Nearly two months since the beginning of the school year, salary negotiations between teachers unions in the Buenos Aires Province and governor Vidal’s administration have not made any progress. In fact, things have taken a step backward, as the two camps are hardening their measures of force aimed at getting the other to cave.
The latest meeting took place on Friday; the outcome was the same as it has been in the prior six encounters: the Frente de Unidad Docente (FUD) – the coalitions of teachers unions in the Province – rejected a new offer from the provincial government, arguing it is far from meeting their demands. As a result of this, they announced a new strike for Wednesday, April 25, which will include a march to the government house located in the city of La Plata.
The provincial government, on its end, announced it will deduct the day’s payment from the salaries of the teachers who do not go to that day. Governor Vidal went to Mirtha Legrand’s TV show on Saturday and made a reference to the subject, calling the teachers to not strike on Wednesday, and guaranteeing their salaries’ purchasing power will not lose against the annual inflation rate.
“Regardless of what you might hear, I will fulfill my promise and they will not lose money, even if there are union leaders who want to turn this into a political affair,” she said. Vidal went on to argue that it is impossible for her administration to pay more than what they are already offering, because that would mean the need to deepen the fiscal deficit, something they are not willing to do: “I want teachers to earn more, but they would have to tell us where to get the money from, what we should stop [spending part of the budget on],” she added.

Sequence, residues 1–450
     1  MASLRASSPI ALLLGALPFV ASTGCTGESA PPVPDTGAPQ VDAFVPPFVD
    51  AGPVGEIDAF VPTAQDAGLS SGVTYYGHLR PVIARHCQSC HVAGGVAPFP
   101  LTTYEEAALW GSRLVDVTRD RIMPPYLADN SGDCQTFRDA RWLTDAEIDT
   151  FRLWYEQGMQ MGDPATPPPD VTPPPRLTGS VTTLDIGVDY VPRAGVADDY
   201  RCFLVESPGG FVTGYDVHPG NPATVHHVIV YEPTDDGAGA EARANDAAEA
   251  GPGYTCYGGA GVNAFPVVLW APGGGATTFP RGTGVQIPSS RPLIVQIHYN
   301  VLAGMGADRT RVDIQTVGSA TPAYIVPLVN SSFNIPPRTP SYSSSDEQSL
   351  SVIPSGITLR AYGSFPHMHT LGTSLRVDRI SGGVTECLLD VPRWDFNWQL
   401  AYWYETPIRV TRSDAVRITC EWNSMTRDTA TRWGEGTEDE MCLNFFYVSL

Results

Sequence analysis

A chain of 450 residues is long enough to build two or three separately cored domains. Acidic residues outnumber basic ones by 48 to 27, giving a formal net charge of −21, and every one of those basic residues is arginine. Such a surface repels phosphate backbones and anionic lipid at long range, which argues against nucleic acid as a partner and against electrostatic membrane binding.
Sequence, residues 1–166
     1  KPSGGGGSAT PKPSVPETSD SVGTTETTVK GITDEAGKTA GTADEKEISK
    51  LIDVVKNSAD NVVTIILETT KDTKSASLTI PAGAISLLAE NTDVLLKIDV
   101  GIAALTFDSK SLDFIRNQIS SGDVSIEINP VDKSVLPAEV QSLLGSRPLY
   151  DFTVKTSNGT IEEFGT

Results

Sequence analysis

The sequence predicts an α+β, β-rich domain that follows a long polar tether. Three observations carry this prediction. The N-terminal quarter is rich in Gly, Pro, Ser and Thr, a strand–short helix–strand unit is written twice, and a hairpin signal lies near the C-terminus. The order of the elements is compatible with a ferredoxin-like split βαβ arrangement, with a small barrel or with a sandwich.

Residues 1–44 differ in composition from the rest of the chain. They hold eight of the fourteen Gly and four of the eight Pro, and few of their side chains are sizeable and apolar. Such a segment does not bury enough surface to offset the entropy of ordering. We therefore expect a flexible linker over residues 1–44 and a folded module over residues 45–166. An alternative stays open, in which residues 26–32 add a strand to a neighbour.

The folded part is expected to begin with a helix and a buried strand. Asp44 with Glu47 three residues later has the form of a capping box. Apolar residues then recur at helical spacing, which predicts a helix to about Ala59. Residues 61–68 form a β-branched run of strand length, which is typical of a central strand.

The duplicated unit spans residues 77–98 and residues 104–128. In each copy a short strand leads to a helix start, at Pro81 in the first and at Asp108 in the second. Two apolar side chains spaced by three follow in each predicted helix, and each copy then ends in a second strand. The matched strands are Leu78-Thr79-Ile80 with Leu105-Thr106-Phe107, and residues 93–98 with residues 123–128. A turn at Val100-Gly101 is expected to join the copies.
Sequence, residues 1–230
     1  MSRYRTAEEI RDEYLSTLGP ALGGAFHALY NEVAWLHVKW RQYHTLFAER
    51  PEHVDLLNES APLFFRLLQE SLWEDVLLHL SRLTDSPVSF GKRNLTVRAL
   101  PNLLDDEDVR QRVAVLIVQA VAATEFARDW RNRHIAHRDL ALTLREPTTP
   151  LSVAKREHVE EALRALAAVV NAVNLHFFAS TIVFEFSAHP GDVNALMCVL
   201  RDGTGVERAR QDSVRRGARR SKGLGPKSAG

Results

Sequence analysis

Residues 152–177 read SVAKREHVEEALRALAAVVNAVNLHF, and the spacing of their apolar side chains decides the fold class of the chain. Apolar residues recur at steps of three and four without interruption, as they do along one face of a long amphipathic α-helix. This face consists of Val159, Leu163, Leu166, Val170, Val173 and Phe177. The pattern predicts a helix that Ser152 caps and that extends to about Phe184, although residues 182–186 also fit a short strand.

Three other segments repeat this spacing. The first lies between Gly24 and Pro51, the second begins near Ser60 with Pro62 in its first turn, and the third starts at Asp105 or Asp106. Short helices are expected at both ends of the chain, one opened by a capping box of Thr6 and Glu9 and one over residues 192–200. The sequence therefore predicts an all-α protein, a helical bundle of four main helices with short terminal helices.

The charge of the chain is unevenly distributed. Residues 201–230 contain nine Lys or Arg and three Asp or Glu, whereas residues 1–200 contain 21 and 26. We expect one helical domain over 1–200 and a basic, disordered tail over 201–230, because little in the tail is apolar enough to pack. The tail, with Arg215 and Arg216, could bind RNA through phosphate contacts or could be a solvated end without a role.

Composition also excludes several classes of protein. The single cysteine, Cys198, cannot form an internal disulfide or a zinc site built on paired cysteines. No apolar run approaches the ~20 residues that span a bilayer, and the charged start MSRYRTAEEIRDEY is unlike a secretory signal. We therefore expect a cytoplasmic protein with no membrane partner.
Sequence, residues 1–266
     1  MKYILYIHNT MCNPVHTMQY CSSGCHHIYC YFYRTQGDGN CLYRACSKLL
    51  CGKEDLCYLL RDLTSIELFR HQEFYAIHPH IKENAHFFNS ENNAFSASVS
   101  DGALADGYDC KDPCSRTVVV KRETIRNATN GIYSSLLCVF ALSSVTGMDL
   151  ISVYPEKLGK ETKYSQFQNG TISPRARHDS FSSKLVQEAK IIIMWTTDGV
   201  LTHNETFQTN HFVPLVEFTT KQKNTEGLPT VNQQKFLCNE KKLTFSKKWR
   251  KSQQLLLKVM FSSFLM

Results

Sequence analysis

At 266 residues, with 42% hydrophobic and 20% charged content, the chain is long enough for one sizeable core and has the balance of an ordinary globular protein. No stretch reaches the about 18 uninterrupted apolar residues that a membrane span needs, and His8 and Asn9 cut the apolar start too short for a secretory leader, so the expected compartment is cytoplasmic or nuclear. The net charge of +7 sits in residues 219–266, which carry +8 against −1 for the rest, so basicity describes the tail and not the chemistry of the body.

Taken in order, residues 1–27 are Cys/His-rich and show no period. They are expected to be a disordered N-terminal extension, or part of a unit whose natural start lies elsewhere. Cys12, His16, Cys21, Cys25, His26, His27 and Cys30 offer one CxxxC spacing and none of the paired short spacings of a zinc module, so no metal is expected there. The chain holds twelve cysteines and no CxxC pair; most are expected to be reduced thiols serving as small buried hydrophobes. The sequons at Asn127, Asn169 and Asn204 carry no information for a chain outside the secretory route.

In contrast, representatives of the FUD argued that Vidal is the one who “has made the political decision to stall negotiations and impose a ceiling to the negotiations.”
“We are in April and our salaries are frozen [they have not increased since last year] but the utility bills are not,” said SUTEBA member Silvia Almazán in an interview with NA.
In the last meeting, the provincial government made a proposal that was different to the previous ones. It offered a 10 percent increase for the first semester – to be paid in three installments – and a AR $3,000 bonus for those who don’t miss any school days.
The increase for the second semester would continue to be discussed, but an agreement regarding the first half of the year would ensure there would not be strikes until at least July. However, the FUD rejected the offer arguing it was actually lower than the ones under the previous scheme. “It would grant us an eight percent increase by May. Had we accepted the last offer, we would have seen an 11 percent increase by this time of the year,” Almazán added.
Regardless of the inability to reach an agreement, the provincial government has already implemented an eight percent increase on the teachers’ salaries.
The last strike took place on April 5.